Robust assessment is key to avoiding pitfalls
A general consensus around what these qualities would be emerged, although it should be noted that one member of our group of PE specialist did argue that hiring a CPO untested in private equity is too great a step in an already high-risk industry. “When I go to the outside market, I’m looking to buy previous success,” says Jon Higginson, an operations advisor for Advent. “Ideally I want someone who has previously delivered in that role, under similar conditions.” He adds that though it is possible to accept a candidate with no previous PE experience, there persists a strong bias towards those with experience.
“There are ways to assess if an executive has the skills required, even if they haven’t done precisely directly relevant work before,” argues Xavier Cassignol, CPO of IDEMIA (Advent and Oberthur Technologies/Morpho). Adds Oscar Rego, CPO at TK Elevator: “At the end of the day, the focus isn’t that different — it’s still about delivering more with less, which requires solid change, communication and stakeholder management capabilities.”
What’s clear is that PE firms need to be rigorous and nuanced in their testing of prospective candidates, conducting strategic capability assessments, case study exercises, and deep referencing. Taking such an approach we believe it is possible for PE firms to discover dynamic, functionally excellent CPOs with no direct experience in PE who have an affinity for the PE environment.
The core indicators of PE affinity that de-risk hiring decisions and release fresh sources of CPO talent:
Cultural fit, collaborative style
Procurement is not an isolated function, particularly in PE, where undermining the effective performance of multiple symbiotic teams and functions damages the value creation plan. “You’re always dependent on sales or production or others,” says Tansu Kirimli, CPO at Swissport International. “Understanding what the journey is allows you to bring peers, stakeholders, and other partners in alignment with you.”
Deep-dive analysis of cultural fit repays the investment by revealing how an individual is likely to respond to PE specifics. “We want our CPO, in fact all our management teams for the portfolio companies, to have grit, determination, persistence,” says Paul Vega, partner at Cinven. “And given the complex stakeholder environment, we need really high levels of EQ.”
CPOs who demonstrate innate ease with the culture, married to highly collaborative styles, are very likely ready for PE. "Collaboration within and across teams drives enterprise leadership - helping each other for the greater good of the company, which is a crucial cultural change necessary for success,” states Wouter Hut, CPO of Ahlstrom-Munksjö.
A fundamental of the procurement role in private equity is that it is a principal enabler of value creation. It’s therefore essential to establish that an executive seeking to join PE is fully business-literate — able to identify and to focus relentlessly on the drivers of value-creation, as well as being able to talk intelligently about business with commercial partners.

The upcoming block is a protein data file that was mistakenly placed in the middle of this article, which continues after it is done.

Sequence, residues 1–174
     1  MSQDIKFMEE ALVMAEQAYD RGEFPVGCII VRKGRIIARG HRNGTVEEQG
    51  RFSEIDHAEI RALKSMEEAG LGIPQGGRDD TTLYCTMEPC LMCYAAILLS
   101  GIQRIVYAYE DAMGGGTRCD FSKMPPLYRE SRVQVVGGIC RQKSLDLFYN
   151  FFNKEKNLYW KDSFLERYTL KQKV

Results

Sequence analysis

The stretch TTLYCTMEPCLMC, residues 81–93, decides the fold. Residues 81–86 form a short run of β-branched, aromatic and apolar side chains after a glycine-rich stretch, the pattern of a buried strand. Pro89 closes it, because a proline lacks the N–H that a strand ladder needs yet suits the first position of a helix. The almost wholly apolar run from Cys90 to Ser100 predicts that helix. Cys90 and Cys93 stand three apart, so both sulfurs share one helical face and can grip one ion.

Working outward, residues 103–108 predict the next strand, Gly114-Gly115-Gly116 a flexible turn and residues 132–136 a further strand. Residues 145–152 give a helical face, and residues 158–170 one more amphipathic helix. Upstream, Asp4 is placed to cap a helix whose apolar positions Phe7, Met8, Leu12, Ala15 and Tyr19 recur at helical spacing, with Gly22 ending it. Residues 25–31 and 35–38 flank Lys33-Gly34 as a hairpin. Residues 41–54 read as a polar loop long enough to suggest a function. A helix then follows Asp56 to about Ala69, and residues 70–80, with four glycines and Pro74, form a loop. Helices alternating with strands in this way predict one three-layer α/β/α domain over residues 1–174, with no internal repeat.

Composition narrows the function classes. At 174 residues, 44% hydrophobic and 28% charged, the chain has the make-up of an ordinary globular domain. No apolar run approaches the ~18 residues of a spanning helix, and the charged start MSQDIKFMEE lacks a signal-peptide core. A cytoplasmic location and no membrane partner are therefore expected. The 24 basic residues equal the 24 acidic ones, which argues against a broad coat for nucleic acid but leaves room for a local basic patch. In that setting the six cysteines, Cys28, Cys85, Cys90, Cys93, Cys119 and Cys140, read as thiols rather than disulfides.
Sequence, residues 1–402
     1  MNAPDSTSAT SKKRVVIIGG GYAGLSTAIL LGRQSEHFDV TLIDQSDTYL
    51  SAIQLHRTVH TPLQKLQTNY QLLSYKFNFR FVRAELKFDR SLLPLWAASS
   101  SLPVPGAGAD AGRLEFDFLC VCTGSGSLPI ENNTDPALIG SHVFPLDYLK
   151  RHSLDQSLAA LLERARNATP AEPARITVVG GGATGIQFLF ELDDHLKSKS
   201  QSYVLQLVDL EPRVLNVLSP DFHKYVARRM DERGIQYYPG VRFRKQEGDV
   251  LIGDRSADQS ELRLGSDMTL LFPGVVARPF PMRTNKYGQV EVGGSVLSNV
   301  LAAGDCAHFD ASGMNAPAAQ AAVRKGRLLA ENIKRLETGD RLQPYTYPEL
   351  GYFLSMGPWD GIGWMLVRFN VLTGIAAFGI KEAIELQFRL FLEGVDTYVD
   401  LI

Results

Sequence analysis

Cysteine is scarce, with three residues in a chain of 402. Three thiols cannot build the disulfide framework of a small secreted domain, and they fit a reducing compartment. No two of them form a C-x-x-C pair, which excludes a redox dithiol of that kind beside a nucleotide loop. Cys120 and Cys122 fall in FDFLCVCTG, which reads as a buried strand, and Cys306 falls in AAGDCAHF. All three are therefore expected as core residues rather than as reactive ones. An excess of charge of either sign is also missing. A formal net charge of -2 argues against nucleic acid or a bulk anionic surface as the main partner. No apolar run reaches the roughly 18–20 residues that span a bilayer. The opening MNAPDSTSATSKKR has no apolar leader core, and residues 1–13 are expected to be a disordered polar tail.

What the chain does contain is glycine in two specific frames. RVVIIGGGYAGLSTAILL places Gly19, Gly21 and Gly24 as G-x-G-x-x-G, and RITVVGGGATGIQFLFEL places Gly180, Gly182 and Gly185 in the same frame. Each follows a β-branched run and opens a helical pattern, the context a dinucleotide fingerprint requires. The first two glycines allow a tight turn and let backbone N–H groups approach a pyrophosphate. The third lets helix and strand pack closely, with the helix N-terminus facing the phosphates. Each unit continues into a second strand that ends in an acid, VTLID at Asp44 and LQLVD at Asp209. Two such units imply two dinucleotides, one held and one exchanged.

IDEMIA’s Cassignol, who has worked in four different CPO roles under PE ownership, would expect a CPO candidate coming into PE to be “someone able to invest themself as CPO in the overall success of the company, able to look beyond their own function. I’d be looking for someone with an entrepreneur kind of background.”
That’s a view supported by Thierry Minel, CPO at GKN Automotive: “In PE the working capital is part of my DNA; we’re supporting our cash position, the supply chain, finance. And although we’ve been in business for 50 years, we have a start-up mindset, a very strong entrepreneurship mindset.”
Calm under pressure; comfortable with uncertainty
A CPO with no private equity experience is often coming from an environment where “people around them might be making decisions that we would expect a CPO to make,” says Swissport International’s Tansu Kirimli. “So the skill set I want to see in a non-private equity CPO is huge resilience and the ability to adapt fast. There’s going to be a pipeline of projects, all of which need reporting.
“And part of that is not making a big noise when we want to implement something — don’t start requesting steering committees and stuff. It’s your job to win over stakeholders.”
At IDEMIA, Cassignol highlights a defining challenge of PE: “It can be difficult dealing with uncertainty — you never really know for sure when you’re going to be exited.” So it’s vital to test whether a new CPO in their first experience understands their core role in delivering a well-managed exit strategy at peak value.
CPOs cannot expect to thrive in private equity if they bring with them rigid approaches to how things are done — one example cited was whether they would be able to step outside their past experiences, taking a forward-thinking and open minded approach, broadening their focus beyond spend under management and RFP.
Increasingly, says Cinven’s Vega, “with high expectations on impact and execution speed, private equity CPOs will have to be more agile to extract value both cross-functionally and end-to-end across the value chain.”
Ahlstrom-Munksjö’s Wouter Hut recalls his surprise at some of the findings to emerge from assessment exercises at his portfolio company regarding the capabilities displayed by those who thrive in a private equity environment.
“I thought there would be an emphasis on cost cutting and working extremely hard in tough conditions, but it was actually about being open for new things, engaging, accepting help for the benefit of the end goal,” says Hut. “It all made sense once it was laid out, but it was unexpected at first.”